Latent representationbased models such as VAEs have been found to be quite useful for several music generation tasks. Bretan et al. used the latent representation of an autoencoderbased model to generate musical phrases [30]. Lattner et al. forced the latent space of a gated autoencoder to learn pitch intervalbased representations which improved the performance of predictive models of music [31, 32]. Latent spaces of music generation models have also been used to explicitly encode and control musical attributes [20, 33, 3, 34], intertrack dependencies [35] and musical genre [36]. These studies show that trained latent spaces are able to encode hidden attributes of musical data which can be leveraged for different music generation tasks. However, latent space traversals have been relying on simpler methods such as attribute vectors [17, 18] or linear interpolations [19, 20].
3 Method
3.1 Problem Statement
We define the score inpainting problem as follows: given a past musical context and a future musical context , the modeling task is to generate an inpainted sequence which can connect and in a musically meaningful manner. In other words, the model should be trained to maximize the likelihood . Without much loss of generality, we assume that , , and comprise of , , and measures of music, respectively.
3.2 Approach
The key motivation behind the proposed method is that the latent embeddings of deep generative models of music encode hidden attributes of music which can be leveraged to perform inpainting. Firstly, we train a VAEmodel, referred to as MeasureVAE, to reconstruct single measures of music, i.e., the latent vectors of this model map to individual measures of music. Once trained, the encoder of this model can be used to process sequences and and output corresponding latent vector sequences and . Secondly, we train an RNNbased model, referred to as LatentRNN, to take as input the past and future latent vector sequences ( and ) and output a third latent vector sequence which can be passed through the decoder of MeasureVAE to obtain .
Effectively, the LatentRNN model learns to traverse the latent space of the MeasureVAE model so as to connect the provided contexts in a musically meaningful manner. The inference is fast since it only requires forward passes through the two models. This overall approach is shown in fig:approach_schematic. We call this joint architecture InpaintNet. While we restrict ourselves to monophonic melodic sequences in this paper, the approach can be extended to other time signatures and polyphonic sequences as well. The individual model architectures are discussed next.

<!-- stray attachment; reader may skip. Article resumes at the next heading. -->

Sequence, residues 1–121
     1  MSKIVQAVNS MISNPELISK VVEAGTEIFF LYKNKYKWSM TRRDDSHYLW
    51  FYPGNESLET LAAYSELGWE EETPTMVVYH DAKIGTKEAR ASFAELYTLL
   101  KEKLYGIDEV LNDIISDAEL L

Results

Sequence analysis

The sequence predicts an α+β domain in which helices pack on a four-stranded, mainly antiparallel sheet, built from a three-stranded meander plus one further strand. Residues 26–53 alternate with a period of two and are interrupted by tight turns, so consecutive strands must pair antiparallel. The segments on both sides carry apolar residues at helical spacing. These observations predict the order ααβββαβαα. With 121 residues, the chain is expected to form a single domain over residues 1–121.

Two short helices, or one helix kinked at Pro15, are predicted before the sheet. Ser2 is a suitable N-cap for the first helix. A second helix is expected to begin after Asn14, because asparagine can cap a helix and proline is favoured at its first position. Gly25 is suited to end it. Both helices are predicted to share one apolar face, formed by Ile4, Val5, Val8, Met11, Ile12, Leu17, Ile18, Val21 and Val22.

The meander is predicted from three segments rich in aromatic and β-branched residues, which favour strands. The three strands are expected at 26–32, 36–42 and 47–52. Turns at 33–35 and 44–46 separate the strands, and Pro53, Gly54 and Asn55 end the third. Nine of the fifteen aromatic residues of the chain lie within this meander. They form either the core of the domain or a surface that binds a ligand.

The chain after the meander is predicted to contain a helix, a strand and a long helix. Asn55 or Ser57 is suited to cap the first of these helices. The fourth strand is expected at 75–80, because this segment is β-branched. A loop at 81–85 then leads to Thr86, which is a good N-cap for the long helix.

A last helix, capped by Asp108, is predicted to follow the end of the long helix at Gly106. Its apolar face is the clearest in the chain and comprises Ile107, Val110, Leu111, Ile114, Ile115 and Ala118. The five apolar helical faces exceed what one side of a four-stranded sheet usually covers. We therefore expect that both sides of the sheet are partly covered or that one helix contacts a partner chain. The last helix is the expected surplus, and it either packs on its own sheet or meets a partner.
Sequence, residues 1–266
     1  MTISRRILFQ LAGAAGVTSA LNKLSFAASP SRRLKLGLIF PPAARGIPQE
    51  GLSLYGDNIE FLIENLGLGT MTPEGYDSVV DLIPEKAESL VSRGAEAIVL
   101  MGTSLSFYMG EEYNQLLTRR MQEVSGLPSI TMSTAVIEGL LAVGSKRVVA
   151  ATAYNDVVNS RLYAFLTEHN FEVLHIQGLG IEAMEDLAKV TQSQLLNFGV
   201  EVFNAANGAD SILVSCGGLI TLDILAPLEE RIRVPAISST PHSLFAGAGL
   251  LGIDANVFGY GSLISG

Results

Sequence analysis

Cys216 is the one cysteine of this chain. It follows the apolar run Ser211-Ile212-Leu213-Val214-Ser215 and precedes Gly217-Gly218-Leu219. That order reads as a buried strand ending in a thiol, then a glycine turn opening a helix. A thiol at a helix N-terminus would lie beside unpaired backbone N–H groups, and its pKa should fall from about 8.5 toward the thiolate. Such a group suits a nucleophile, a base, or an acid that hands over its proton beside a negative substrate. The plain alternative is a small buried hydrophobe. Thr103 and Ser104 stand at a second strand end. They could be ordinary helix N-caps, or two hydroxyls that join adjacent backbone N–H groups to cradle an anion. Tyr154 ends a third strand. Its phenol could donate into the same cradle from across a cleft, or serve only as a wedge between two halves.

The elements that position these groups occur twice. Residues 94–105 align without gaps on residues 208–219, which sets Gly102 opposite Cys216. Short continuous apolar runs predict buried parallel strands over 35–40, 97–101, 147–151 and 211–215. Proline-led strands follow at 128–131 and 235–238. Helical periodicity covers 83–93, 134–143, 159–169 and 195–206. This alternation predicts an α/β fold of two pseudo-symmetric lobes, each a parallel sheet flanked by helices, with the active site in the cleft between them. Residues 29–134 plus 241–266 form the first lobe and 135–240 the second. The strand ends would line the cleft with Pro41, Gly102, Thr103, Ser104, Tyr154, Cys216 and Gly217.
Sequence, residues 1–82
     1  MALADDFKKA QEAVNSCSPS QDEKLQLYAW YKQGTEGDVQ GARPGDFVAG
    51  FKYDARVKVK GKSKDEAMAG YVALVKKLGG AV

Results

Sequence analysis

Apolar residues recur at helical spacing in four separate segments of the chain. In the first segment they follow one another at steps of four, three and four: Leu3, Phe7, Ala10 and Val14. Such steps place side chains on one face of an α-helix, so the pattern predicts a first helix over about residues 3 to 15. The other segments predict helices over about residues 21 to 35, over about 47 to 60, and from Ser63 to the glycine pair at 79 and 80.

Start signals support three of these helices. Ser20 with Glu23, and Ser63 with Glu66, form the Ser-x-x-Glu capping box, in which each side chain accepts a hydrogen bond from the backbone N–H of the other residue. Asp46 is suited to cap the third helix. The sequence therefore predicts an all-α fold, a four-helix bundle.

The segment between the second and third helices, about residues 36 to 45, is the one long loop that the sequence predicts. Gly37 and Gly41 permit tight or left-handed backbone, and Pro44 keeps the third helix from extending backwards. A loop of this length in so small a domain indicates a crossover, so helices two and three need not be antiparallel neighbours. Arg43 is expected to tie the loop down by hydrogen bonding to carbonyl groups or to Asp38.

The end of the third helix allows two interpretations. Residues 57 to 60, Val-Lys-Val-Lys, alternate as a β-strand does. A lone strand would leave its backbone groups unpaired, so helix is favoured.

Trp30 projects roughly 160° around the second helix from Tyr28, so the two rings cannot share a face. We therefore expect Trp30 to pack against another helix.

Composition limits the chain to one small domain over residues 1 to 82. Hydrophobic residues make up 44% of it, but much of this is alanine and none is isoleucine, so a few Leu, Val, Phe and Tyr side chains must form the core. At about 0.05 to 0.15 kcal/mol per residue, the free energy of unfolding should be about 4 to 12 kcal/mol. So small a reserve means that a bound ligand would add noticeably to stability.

3.3 Model Architectures
3.3.1 MeasureVAE
The MeasureVAE architecture (see fig:measurevae_schematic) is loosely based on the hierarchical recurrent MusicVAE architecture [3] which proved successful in modeling individual measures of music.
The encoder consists of a learnable embedding layer (operating on ticklevel) followed by a bidirectional RNN [37]. The concatenated hidden state from both directions of the RNN is then passed through two identical parallel linear stacks to obtain the mean
and variance
which are used to sample the latent vector via .The decoder follows a hierarchical structure where the sampled latent vector is used to initialize the hidden state of a beatRNN which is unrolled times (where is the number of beats in a measure). The output at each step of the beatRNN is passed through a linear stack before being used to initialize the hidden state of a tickRNN which is unrolled times (where is the number of events/ticks in a beat). The outputs of the tickRNN are individually passed through a second linear stack which maps them back to the dataspace. The hierarchical architecture mitigates the autoregressive nature of the RNN and forces the decoder to use the latent vector more efficiently (as advocated in [3]).
3.3.2 LatentRNN
The LatentRNN model (see fig:latentrnn_schematic) consists of subcomponents. There are identical bidirectional RNNs, referred to as PastContextRNN and FutureContextRNN, which process the latent vector sequences for the past and future contexts ( and ), respectively. These are unrolled for and times in order to encode the context sequences, respectively. The final hidden states of the two contextRNNs are concatenated and then used to initialize the hidden state of a third RNN, referred to as the GenerationRNN, which is unrolled times. The outputs of the GenerationRNN are passed through a linear stack to obtain latent vectors corresponding to the inpainted measures.
The hyperparameters for the model configurations are chosen based on initial experiments and are provided in tab:model_config. For the RNN layers in both models, Gated Recurrent Units (GRU)
[38] are used.Measure VAE  

Embedding Layer  i=dict size, o=10  
EncoderRNN  n=2, i=10, h=512, d=0.5  

i=1024, o=256, n=2, nonlinearity=SELU  
BeatRNN  n=2, i=1, h=512, d=0.5  
TickRNN  n=2, i=522, h=512, d=0.5  
Linear Stack 3  i=512, o=1024, n=1, nonlinearity=ReLU 

Linear Stack 4  i=512, o=dict size, n=1, nonlinearity=ReLU  
Latent RNN  

n=2, i=256, h=512, d=0.5  
Generation RNN  n=2, i=1, h=1024, d=0.5  
Linear Stack  i=2048, o=256, n=1, nonlinearity=None 
Table showing configurations of both models. n: Number of Layers, i: Input Size, o: Output Size, h: Hidden Size, d: Dropout Probability, SELU: Scaled Exponential Linear Unit
[39], ReLU: Rectifier Linear Unit
3.4 Stochastic Training Scheme
We propose a novel stochastic training scheme for training the model. For each training batch, the number of measures to be inpainted and the number of measures in the past context